Forensic survey technology is now a need rather than a luxury as Latin America’s urban concentration accelerates.
For decades the art and science of determining how a crime was commit-ted and how a car crash occurred has relied on expert hypotheses based on personal experience and memory. Experts have used tape measures, cameras, and paper sketches to create 2D drawings of areas being investigated. These drafts and photos from the scene are the only registry left after an area is cleaned and returned to its normal use.
This approach is sufficient when police departments have two or three automobile accidents per day and perhaps one crime scene to reconstruct every week. However, with today’s urban concentration, proliferation of cars on the streets, and rising crime, resources have reached crisis levels.
Today it takes a crime scene investigator between 6 and 48 hours to completely reconstruct each case site using tape measures, paper sketches, and photographs. The time required for road and highway accidents is slightly less but still ranks at the level of multiple hours.
Here’s where mapping technology comes in. It allows experts and non-experts alike to reconstruct a crime scene more accurately and at a fraction of the time it takes with traditional methods.Caption: Using photographs of an actual car accident, a 3D digital reconstruction of the damaged vehicle, and the original car manufacturer specifications, forensics software (Visual Statement, in this case) determined the force and direction of the impact by analyzing deformation in the car structure.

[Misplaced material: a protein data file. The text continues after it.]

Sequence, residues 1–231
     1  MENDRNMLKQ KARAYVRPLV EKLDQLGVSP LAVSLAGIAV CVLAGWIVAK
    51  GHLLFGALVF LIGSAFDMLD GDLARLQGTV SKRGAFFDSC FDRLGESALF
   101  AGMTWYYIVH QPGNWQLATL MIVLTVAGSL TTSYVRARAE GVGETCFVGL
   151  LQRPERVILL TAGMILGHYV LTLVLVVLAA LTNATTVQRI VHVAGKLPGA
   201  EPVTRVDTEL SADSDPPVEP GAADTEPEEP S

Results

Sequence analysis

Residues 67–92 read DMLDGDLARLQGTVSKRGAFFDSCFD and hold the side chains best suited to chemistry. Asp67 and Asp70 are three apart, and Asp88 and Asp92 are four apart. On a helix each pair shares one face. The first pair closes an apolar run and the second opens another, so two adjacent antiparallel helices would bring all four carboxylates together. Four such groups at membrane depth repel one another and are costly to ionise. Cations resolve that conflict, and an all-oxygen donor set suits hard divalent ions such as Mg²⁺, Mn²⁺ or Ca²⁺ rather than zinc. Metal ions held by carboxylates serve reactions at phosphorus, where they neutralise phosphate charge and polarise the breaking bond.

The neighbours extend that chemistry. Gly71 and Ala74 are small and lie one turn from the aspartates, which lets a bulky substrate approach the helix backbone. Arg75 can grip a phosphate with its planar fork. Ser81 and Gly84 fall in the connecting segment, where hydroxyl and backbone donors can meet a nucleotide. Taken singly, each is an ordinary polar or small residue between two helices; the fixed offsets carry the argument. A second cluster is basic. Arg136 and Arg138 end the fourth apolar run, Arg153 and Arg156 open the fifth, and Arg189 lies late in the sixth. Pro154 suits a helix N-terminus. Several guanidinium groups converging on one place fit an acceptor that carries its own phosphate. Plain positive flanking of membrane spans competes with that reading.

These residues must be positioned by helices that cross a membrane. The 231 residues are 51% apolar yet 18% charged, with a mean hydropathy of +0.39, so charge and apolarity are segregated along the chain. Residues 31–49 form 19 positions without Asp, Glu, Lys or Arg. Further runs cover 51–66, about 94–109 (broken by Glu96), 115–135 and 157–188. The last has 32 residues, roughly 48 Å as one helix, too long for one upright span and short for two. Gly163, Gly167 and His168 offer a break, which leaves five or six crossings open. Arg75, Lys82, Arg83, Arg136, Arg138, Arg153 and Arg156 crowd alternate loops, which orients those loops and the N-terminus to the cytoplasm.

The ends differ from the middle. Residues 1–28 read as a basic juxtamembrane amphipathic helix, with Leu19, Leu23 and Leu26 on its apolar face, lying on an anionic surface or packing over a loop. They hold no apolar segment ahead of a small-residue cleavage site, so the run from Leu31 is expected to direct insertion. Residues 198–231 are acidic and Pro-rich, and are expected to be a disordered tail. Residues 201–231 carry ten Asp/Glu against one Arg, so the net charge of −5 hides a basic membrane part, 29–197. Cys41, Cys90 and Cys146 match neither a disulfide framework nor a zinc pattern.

Police force: 1,671,640
Homicides per year: 137,910
Traffic deaths per year: 116,511
A New Industry Arises
For several years now, police departments in the United States and Europe have begun using total stations instead of tape measures for crime-scene and traffic-accident investigations, which accelerates the pace of the site being returned to normal use.
And as surveying technologies advance, so do the applications for forensic reconstruction. In some police stations, robotic total stations are replacing mechanical total stations, and laser scanners and imaging rovers are being used to further reduce time. Specialized software has also appeared in the market.